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Say Goodbye To The 4% Rule

Monday, March 4, 2013 - 5:47 AM
From the Wall Street Journal
If the conventional wisdom no longer holds about spending in retirement, what are the alternatives? Here are three of them.

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5
Ken TuminKen Tumin5,469 posts since
Nov 29, 2009
Rep Points: 125,077
1. Monday, March 4, 2013 - 7:55 AM
There are a myriad of alternatives regarding "spending in retirement". Each one tailored to an individual's particular circumstances.
5
ShorebreakShorebreak2,622 posts since
Apr 6, 2010
Rep Points: 14,212
2. Tuesday, March 5, 2013 - 5:12 PM
The "4% rule" never really was a "rule". It's handy more in the accumulation phase than in the withdrawal phase.

Let's say, in today's dollars, you estimate you'll need to withdraw (pre-tax) $50,000/year over and above Social Security and any pension you might have in order to retire well. You should probably plan to have 25X of that amount, or $1,250,000, to accomplish that goal, adjusted for expected inflation. That's the amount to generate an inflation-adjusted $50,000 at a 4% initial withdrawal (year one).

That said, what you "actually" do, when you hit retirement, is use common sense. Given current fixed-income yields, and no light at the end of the tunnel, folks retiring with "age-in-bonds" should probably consider a withdrawal rate less than 4% for starters. Folks with little-or-no equity allocation in their retirement portfolio should probably go no higher than 3%, and forego any inflation adjustments until real returns come back (i.e., nominal returns greater than inflation).
5
BozoBozo137 posts since
Feb 14, 2011
Rep Points: 937
3. Wednesday, March 6, 2013 - 8:37 AM
4%, 2%, or whatever, just live the same life with prudent but enjoyable spending as one lives before the retirement.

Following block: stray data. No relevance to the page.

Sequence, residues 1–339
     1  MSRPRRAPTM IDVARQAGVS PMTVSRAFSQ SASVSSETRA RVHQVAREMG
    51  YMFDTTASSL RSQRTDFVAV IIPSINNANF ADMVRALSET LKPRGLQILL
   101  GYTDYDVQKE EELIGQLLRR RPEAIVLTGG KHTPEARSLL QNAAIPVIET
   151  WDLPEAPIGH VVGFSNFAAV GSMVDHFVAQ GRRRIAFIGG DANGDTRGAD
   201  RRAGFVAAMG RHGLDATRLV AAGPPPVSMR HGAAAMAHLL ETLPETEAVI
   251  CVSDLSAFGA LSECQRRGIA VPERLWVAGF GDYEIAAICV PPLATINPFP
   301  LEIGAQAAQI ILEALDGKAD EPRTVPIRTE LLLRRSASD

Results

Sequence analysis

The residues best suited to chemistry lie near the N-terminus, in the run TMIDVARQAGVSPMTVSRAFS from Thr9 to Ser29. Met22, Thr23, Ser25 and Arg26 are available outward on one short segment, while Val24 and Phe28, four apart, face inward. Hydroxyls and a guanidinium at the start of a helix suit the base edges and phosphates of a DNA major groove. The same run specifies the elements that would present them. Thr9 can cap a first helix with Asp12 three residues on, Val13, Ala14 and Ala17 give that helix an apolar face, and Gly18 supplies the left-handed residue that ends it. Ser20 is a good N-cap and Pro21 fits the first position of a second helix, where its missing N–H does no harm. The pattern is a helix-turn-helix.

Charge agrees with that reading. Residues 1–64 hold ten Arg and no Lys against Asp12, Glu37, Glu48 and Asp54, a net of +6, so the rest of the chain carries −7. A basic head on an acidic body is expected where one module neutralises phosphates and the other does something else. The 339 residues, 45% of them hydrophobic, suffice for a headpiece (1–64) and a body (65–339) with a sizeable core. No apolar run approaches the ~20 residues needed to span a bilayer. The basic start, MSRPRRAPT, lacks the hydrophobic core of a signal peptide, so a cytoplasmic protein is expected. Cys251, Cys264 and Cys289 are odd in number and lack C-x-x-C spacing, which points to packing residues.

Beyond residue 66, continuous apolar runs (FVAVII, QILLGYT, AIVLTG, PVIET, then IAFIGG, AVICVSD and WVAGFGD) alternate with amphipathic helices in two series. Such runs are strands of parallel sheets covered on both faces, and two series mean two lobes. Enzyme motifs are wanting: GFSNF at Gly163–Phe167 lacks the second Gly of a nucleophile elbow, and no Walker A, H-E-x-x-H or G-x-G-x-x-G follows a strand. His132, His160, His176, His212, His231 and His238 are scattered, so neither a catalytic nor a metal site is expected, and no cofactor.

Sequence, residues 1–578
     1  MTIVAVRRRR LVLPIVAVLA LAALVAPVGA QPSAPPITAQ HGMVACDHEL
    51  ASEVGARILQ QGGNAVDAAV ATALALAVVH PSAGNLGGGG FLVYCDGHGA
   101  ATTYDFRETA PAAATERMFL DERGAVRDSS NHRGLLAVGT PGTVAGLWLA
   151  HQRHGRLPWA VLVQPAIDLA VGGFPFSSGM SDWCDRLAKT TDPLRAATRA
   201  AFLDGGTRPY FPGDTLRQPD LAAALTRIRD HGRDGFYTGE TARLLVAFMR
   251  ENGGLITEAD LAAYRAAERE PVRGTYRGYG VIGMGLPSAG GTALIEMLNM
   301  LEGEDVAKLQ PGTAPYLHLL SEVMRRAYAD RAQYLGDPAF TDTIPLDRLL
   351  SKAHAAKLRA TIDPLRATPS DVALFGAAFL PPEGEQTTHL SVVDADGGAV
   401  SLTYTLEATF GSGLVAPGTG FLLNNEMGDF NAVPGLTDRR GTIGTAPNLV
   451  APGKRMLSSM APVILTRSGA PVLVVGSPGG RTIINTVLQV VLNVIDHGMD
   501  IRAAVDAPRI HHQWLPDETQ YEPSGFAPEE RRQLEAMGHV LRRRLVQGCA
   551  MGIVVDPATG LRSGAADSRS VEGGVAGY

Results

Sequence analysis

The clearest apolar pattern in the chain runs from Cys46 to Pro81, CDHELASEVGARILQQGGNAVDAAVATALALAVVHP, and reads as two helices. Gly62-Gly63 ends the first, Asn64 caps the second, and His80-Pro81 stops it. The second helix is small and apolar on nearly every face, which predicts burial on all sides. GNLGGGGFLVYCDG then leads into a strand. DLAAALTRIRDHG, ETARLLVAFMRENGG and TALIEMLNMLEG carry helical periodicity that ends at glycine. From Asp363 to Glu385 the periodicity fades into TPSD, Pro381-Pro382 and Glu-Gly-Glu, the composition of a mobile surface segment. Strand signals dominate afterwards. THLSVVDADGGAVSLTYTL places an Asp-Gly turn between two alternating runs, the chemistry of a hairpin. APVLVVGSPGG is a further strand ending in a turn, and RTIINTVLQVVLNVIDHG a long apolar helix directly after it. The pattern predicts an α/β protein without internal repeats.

The withdrawal percentage guideline after retirement is simply non-sense to me, it only aimed at increasing article/paper waste and creating trivial debates.
3
51hh51hh1,476 posts since
Jan 16, 2010
Rep Points: 6,426
4. Wednesday, March 6, 2013 - 10:28 AM
Shorebreak is correct.  There is no one-size-fits-all answer to how to spend in retirement. 

Bozo is also correct - the 4% guideline is a guideline, nothing more.  It is certainly not set in concrete.  

51hh also gets it right.  Don't be afraid to spend money in retirement (but don't spend excessively).  Enjoy the fruits of your labor and maintain the spending habits that brought you to this moment.   

I have continued to live in retirement as prudently as before. I use the percentage guideline (although definitely not 4%) each year as a sanity-check of my anticipated net expenses, then decide if I need/want to reduce.   For the last couple of years (and likely for the next 3-5) I have consciously invaded principal (to a small degree) to take advantage of unique personal opportunities. I can live with the risk of that decision. 
3
pearlbrownpearlbrown1,436 posts since
Nov 2, 2010
Rep Points: 6,264
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